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Sports Xchange | October 28, 2012
Randy Bernard is out as CEO of the IndyCar series after a special meeting of the board of directors of the Indianapolis Motor Speedway Corporation on Sunday, radio station WIBC in Indianapolis reported. Bernard was in the third year of a five-year contract and will remain in an advisory capacity. Jeff Belskus, the Indianapolis Motor Speedway President and CEO, was named interim IndyCar CEO. "We are very grateful for the tireless effort that Randy has invested into learning, understanding and working to grow the IndyCar Series over the last three racing seasons," Belskus said in a statement released by IMS on Sunday.
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By Chris Korman, The Baltimore Sun | June 10, 2013
Baltimore's WBFF-TV Fox 45 will produce a 30-minute special to air the Thursday before this year's third edition of the Grand Prix of Baltimore. According to a news release from race organizers, the show will offer live interviews and behind-the-scenes features related to the weekend of racing. It is scheduled to air Thursday, Aug. 29 at 5:30 p.m. Racing begins Friday, with the IndyCar race Sunday afternoon. "We're proud to offer our audience comprehensive coverage of this signature Baltimore event," Bill Fanshawe, general manager at WBFF, said in a statement.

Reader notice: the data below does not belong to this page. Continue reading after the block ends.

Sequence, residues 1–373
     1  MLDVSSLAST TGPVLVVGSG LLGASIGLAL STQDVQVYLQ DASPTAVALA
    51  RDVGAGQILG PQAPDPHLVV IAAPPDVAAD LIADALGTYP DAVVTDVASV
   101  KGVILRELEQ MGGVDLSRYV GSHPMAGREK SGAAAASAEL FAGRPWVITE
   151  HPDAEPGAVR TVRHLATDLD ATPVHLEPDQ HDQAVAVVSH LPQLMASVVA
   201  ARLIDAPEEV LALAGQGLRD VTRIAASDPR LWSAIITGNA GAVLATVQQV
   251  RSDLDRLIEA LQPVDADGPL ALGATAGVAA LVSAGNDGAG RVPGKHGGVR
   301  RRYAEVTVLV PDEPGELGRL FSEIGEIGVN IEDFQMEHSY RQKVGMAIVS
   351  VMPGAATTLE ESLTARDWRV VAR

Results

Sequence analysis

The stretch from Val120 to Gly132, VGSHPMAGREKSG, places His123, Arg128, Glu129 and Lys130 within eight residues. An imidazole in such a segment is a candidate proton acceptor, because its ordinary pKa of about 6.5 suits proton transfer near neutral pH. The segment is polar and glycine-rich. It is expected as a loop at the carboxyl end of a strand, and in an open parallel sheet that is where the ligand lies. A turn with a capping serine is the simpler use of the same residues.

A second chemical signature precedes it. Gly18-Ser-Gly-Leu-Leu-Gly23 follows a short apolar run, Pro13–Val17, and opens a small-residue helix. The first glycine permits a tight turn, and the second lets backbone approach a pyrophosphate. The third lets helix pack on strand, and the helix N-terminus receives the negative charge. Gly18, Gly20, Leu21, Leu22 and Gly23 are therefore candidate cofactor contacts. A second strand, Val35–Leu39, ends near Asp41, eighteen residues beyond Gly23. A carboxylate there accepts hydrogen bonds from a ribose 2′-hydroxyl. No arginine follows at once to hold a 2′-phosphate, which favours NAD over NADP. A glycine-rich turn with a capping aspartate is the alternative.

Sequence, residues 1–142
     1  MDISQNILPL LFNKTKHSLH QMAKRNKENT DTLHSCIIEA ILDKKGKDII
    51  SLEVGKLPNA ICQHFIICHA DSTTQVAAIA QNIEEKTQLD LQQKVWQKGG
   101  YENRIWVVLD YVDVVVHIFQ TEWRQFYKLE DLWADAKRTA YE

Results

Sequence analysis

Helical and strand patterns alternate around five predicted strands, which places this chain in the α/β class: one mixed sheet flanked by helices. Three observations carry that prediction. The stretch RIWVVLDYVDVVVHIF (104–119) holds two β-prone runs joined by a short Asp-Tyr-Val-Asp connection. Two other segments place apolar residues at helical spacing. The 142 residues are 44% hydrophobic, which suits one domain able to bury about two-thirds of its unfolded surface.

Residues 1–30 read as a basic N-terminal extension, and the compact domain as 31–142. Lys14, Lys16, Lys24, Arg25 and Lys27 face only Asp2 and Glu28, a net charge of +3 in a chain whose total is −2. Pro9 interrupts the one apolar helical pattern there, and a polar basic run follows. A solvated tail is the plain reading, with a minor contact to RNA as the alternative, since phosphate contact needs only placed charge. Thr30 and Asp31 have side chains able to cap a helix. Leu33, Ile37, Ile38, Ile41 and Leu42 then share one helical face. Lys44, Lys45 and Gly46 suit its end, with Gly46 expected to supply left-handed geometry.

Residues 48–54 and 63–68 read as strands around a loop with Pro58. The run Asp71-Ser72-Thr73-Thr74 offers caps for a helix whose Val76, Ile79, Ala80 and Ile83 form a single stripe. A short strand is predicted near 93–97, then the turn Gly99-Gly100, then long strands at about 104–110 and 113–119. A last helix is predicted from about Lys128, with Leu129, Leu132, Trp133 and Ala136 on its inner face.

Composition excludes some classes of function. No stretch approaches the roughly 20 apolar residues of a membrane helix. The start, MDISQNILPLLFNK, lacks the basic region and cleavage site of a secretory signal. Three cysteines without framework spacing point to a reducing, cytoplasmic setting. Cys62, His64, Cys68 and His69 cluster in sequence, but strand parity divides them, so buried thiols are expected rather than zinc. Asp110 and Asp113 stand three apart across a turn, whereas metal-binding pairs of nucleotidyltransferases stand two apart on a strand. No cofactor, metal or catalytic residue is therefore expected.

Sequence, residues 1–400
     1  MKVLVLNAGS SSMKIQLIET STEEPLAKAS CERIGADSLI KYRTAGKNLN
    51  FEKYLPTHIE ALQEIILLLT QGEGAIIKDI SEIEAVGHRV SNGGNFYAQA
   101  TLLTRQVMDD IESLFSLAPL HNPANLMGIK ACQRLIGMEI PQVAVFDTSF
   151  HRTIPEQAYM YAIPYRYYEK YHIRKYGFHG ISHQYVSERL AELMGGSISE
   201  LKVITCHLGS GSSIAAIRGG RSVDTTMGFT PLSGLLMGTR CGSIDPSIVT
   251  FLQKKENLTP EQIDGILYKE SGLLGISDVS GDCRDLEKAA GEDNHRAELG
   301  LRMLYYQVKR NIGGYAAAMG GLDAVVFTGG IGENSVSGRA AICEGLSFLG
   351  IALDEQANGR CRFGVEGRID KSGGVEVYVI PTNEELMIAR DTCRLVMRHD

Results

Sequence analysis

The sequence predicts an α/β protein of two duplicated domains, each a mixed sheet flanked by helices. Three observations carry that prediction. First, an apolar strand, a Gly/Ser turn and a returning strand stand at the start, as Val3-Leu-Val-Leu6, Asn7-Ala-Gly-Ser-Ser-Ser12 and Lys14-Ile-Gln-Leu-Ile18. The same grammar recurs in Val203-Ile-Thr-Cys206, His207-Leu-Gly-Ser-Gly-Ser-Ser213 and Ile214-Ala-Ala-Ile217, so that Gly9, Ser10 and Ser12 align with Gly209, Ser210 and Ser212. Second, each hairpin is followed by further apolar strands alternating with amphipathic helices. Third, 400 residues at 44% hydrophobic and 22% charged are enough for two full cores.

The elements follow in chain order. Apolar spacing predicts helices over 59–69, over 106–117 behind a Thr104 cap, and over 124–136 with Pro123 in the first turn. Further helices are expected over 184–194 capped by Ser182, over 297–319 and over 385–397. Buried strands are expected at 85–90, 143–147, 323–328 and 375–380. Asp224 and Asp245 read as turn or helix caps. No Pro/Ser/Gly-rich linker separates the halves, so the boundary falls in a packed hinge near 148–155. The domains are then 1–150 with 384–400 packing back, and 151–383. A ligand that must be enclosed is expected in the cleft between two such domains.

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By Sandra McKee, The Baltimore Sun | August 6, 2012
IZOD IndyCar Series CEO Randy Bernard held an impromptu question-and-answer session with the media Sunday before the Honda 200 at the Mid-Ohio Sports Car Course and was asked about his expectations for the Grand Prix of Baltimore. Bernard did not answer with specifics. "It's an interesting question," he said. "I think we always push for the limits. We always want bigger and better, but we also have to have clear expectations based on reality. I know [promoterMichael] Andrettiwill shoot for the stars, too, and we'll see what happens.
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Sports Xchange | October 28, 2012
Randy Bernard is out as CEO of the IndyCar series after a special meeting of the board of directors of the Indianapolis Motor Speedway Corporation on Sunday, radio station WIBC in Indianapolis reported. Bernard was in the third year of a five-year contract and will remain in an advisory capacity. Jeff Belskus, the Indianapolis Motor Speedway President and CEO, was named interim IndyCar CEO. "We are very grateful for the tireless effort that Randy has invested into learning, understanding and working to grow the IndyCar Series over the last three racing seasons," Belskus said in a statement released by IMS on Sunday.